Drilling. stems of the plants between the fingers. but the later plantings will escape. hand should one be placed over the pot with the pots. in hills. to insure a good stand. cubes or blocks of earth. The corners of berry baskets and dirt bands or cubes should be cut out with sharp knives In removing the plants from at the hills in the field. while some growers always apply broadcast. the soil will hold together better during the transfer. Some growers make two or three plantings in the hill or the furrow at intervals of a few days. the spacing distance is commonly while some prefer 5x7. others 4x6. When 6x6 6 feet. Frost may injure or destroy the first lot. downward pressure being avoided because this would disturb the roots. and the pot then inverted and tapped gently to separate soil and roots from the sides of the pot.CULTURAL DIRECTIONS this is 371 accomplished there will be little if any check in growth. 4^ x 6^2 or 5x7 feet. . 10 to 15 to the hill. When in drills the plants may be from I to 2 feet apart. is favored by many of the best growers. When planting in the field the soil is simply drawn to the balls. and doubtless provides the most perfect conditions to each individual plant. in order From I to 3 pounds of to be certain of a good stand. The hill system makes it possible to cultivate more thoroughly and is the more popular in many of the largest producing sections. Manure and fertilizers are often mixed in hills or furrows before planting. depending upon the character of the soil. If the plants are watered freely 5 to 10 hours before transplanting. It is best to use plenty of seed. because they are not competing with each other in the struggle for food. seed are required to the acre. The depth of covering varies from I to 2 inches. Muskmelons are planted in both hills and drills. however. moisture and sunshine. The space between rows is seldom less than feet.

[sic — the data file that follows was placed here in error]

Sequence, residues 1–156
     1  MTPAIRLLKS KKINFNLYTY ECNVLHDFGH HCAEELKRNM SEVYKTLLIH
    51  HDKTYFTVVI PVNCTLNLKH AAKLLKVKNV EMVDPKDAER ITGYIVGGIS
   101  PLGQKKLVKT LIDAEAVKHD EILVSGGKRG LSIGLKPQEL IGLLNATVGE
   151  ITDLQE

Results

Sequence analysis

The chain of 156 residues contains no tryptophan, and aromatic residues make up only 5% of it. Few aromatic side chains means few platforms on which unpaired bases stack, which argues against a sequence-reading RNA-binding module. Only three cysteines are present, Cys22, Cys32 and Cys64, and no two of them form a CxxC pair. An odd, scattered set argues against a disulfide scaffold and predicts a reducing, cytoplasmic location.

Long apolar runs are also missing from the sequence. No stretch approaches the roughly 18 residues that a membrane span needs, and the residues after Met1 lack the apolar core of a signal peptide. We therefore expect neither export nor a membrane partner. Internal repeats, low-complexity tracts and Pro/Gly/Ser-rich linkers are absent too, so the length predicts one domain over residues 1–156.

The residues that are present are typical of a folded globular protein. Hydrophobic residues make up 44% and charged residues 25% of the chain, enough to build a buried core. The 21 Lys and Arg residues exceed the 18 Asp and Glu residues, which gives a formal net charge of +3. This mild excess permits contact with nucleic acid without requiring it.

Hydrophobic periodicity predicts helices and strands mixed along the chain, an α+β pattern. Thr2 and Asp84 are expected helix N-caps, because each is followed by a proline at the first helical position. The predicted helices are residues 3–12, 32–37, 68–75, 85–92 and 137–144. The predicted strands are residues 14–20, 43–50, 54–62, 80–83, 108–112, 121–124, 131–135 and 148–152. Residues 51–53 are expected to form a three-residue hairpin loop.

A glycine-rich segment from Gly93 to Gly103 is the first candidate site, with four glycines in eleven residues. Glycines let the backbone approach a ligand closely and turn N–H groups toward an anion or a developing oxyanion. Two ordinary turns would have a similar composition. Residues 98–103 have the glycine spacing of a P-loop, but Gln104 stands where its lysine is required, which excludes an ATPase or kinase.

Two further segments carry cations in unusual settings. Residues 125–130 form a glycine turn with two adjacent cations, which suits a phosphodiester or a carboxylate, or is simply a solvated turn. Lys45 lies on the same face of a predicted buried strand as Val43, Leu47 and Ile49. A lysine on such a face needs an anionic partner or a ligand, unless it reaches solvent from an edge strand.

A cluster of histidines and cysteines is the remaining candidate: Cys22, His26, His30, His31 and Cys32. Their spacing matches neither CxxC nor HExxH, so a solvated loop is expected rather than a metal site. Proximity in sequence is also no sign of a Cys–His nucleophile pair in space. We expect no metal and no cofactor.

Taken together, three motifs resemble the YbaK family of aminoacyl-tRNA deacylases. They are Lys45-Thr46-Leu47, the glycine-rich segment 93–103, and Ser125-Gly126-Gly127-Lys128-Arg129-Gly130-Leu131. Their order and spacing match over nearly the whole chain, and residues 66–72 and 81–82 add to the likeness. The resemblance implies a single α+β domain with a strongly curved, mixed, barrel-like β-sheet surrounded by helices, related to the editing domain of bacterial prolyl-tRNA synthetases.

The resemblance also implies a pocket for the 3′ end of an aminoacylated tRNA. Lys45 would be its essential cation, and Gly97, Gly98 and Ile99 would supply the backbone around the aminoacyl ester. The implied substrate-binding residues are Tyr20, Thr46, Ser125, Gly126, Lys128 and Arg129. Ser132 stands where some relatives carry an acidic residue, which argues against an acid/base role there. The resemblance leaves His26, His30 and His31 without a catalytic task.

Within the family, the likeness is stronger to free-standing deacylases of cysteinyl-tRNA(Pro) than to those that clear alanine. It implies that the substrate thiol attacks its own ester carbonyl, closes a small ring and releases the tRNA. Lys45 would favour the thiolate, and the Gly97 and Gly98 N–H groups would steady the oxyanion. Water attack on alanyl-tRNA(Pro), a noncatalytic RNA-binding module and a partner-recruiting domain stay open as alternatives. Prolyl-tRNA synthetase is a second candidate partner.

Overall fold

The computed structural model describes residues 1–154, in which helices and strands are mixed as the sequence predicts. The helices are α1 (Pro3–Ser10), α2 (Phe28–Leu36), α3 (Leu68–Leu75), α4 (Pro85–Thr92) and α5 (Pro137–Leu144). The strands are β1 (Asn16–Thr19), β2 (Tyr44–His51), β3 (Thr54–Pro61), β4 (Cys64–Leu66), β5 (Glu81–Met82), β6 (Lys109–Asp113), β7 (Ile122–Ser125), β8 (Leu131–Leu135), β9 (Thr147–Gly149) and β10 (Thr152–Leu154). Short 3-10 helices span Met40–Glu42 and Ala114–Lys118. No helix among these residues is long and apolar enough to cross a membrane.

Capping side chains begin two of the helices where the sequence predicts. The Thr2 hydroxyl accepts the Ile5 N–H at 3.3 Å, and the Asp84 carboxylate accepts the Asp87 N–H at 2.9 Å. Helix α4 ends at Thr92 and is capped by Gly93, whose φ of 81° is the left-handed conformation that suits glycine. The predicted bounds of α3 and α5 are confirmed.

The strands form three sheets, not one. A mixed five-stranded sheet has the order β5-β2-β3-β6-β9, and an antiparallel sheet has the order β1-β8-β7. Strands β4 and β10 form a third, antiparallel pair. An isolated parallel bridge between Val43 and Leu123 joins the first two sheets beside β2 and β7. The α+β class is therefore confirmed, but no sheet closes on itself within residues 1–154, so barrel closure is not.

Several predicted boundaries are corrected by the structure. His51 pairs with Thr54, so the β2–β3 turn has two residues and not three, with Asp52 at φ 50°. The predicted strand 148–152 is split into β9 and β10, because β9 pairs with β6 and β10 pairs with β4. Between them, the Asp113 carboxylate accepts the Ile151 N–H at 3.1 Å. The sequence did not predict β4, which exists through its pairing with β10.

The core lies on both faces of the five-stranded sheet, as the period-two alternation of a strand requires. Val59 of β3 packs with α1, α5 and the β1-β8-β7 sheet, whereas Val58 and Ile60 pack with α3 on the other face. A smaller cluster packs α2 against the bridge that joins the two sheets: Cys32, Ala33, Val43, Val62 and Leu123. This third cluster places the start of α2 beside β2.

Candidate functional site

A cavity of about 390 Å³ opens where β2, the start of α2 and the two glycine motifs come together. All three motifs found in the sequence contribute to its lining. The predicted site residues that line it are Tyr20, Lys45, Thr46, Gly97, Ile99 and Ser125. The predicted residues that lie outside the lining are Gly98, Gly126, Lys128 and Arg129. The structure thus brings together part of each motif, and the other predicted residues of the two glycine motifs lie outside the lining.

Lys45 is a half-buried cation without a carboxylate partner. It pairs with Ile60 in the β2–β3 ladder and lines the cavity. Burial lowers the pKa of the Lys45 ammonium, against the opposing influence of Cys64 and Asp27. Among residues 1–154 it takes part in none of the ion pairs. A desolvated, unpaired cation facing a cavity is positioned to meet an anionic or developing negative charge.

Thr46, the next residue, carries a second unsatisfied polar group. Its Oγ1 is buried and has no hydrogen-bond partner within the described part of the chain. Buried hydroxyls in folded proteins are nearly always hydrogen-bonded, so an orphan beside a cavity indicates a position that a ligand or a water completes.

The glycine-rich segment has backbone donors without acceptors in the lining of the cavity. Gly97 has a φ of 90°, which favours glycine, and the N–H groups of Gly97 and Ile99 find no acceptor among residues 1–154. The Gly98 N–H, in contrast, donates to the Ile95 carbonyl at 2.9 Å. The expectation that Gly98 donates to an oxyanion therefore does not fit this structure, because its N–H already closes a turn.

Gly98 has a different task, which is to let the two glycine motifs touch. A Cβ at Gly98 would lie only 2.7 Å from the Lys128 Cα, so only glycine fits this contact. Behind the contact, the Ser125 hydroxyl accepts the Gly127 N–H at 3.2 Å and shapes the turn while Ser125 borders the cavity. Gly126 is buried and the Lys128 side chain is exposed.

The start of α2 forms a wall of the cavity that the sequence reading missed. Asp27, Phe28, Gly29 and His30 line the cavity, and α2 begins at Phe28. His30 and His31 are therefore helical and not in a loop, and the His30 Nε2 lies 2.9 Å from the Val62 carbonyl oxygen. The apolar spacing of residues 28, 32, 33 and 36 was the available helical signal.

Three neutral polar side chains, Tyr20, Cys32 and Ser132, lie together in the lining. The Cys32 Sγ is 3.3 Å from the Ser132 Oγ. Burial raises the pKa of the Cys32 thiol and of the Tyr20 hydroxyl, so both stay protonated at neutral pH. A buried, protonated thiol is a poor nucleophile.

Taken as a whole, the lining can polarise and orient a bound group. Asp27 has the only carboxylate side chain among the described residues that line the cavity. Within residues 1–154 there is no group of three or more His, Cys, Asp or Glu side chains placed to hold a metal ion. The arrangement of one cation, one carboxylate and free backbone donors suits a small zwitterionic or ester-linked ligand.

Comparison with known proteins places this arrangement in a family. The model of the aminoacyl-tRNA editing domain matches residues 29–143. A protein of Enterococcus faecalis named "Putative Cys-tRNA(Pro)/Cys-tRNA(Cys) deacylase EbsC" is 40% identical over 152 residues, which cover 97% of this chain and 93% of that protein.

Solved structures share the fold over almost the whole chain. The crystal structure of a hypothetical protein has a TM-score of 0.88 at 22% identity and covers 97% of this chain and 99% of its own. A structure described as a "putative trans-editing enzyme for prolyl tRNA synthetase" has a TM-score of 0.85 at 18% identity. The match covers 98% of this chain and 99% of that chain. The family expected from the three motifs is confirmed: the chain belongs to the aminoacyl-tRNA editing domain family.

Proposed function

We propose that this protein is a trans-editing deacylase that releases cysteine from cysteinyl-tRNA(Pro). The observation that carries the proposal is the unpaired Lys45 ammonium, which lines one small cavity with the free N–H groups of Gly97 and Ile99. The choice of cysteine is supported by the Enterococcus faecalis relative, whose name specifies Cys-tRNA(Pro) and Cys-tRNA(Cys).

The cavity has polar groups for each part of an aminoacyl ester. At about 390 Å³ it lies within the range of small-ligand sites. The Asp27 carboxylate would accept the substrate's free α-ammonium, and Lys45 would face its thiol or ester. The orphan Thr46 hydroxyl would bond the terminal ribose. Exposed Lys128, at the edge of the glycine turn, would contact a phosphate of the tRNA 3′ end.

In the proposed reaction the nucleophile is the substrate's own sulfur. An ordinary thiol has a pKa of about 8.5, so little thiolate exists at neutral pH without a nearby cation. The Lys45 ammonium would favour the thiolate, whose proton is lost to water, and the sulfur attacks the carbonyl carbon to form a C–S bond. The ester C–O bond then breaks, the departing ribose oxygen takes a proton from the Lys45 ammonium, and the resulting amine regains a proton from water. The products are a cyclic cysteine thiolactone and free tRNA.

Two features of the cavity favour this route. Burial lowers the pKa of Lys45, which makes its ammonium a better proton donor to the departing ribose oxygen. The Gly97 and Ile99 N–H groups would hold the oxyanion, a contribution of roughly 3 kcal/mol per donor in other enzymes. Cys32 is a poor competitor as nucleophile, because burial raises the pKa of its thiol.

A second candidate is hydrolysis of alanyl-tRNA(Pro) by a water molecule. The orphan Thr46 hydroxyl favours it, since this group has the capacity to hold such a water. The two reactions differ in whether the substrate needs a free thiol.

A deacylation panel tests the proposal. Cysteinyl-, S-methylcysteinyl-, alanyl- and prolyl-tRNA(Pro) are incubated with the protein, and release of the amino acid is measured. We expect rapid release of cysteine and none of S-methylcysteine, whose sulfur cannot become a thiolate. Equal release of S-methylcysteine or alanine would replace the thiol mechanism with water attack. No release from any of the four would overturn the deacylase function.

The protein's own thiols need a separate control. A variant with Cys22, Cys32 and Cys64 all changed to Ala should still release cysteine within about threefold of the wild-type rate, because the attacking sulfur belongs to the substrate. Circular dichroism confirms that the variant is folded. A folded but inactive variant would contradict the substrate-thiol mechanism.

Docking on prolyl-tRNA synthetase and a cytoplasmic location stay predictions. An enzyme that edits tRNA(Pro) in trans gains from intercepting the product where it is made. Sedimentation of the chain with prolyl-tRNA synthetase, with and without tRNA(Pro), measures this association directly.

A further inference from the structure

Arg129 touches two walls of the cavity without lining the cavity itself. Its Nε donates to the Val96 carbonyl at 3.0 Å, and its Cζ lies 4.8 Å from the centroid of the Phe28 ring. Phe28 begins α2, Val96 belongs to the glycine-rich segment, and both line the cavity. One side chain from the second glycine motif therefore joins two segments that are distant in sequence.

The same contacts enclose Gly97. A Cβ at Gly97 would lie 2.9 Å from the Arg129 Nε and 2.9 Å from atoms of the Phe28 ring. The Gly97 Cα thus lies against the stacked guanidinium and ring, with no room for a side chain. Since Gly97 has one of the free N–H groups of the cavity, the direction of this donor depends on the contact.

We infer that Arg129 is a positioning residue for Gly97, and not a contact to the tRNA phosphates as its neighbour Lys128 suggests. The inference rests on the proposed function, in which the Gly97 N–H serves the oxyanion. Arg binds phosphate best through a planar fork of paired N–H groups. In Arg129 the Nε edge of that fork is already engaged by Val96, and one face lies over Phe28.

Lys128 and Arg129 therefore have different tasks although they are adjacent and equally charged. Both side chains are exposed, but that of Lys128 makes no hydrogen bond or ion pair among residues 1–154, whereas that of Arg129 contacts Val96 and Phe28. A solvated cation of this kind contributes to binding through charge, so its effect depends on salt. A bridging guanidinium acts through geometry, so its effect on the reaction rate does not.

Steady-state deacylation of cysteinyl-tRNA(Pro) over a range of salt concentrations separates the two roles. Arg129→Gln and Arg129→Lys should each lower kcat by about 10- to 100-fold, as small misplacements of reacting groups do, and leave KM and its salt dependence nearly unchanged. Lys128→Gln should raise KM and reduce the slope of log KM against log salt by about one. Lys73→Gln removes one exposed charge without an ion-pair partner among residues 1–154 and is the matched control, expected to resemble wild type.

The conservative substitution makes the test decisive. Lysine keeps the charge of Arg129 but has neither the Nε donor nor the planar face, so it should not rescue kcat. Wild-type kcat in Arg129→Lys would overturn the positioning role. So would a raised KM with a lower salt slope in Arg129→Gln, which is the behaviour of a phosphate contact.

Forcing boxes have been profitably used in some sections. it will be observed. 8 x 10 x 12-inch.always decreases the size of the melons. : . 177) shows the importance of severe thinning. 57.372 VEGETABLE GARDENING started. An experiment made in Georgia (Ga. four plants to the hill 90 116 86 47 1. Bui. it is desirable to have ture. The results were as follows : Average Marketable weight per melon Unmarketable Ibs. Three and four plants to the hill gave fewer marketable melons and a larger percentage of unmarketable fruit. the marketable melons were also smaller than in plats thinned to one plant to the hill. The New Mexico station (New Mexico Station Bui. Sta. 27) gives the following account of their construction and management "These boxes may be made from inch lumber. Two plants to the hill gave more marketable melons. but there was no real gain. p. three plants to the hill D. two plants should ever be left. two plants to the hill C. yielded the largest melons and the smallest percentage of unmarketable fruit.79 19 30 27 57 One plant to the hill. with a groove for a 10 x 12inch glass. Plat Plat Plat Plat A. "The seed soon germinates and the plants grow right along without being injured by the low night temperaIf it can be so arranged. The cantaloupe seed is planted in the field as early as possible in the spring and the glass-covered boxes are placed over the hills at the station the seed has been planted as early as March 25. Crowding. one plant to the hill B. but probably possess even more merit in northern sections. They are especially popular in New Mexico.09 .98 .99 . Thinning should not be done until the plants are well The tendency is to allow fewer plants to the It is doubtful whether more than hill than formerly. 63. . as the melons were smaller and there was a larger percentage of unmarketable fruit. p.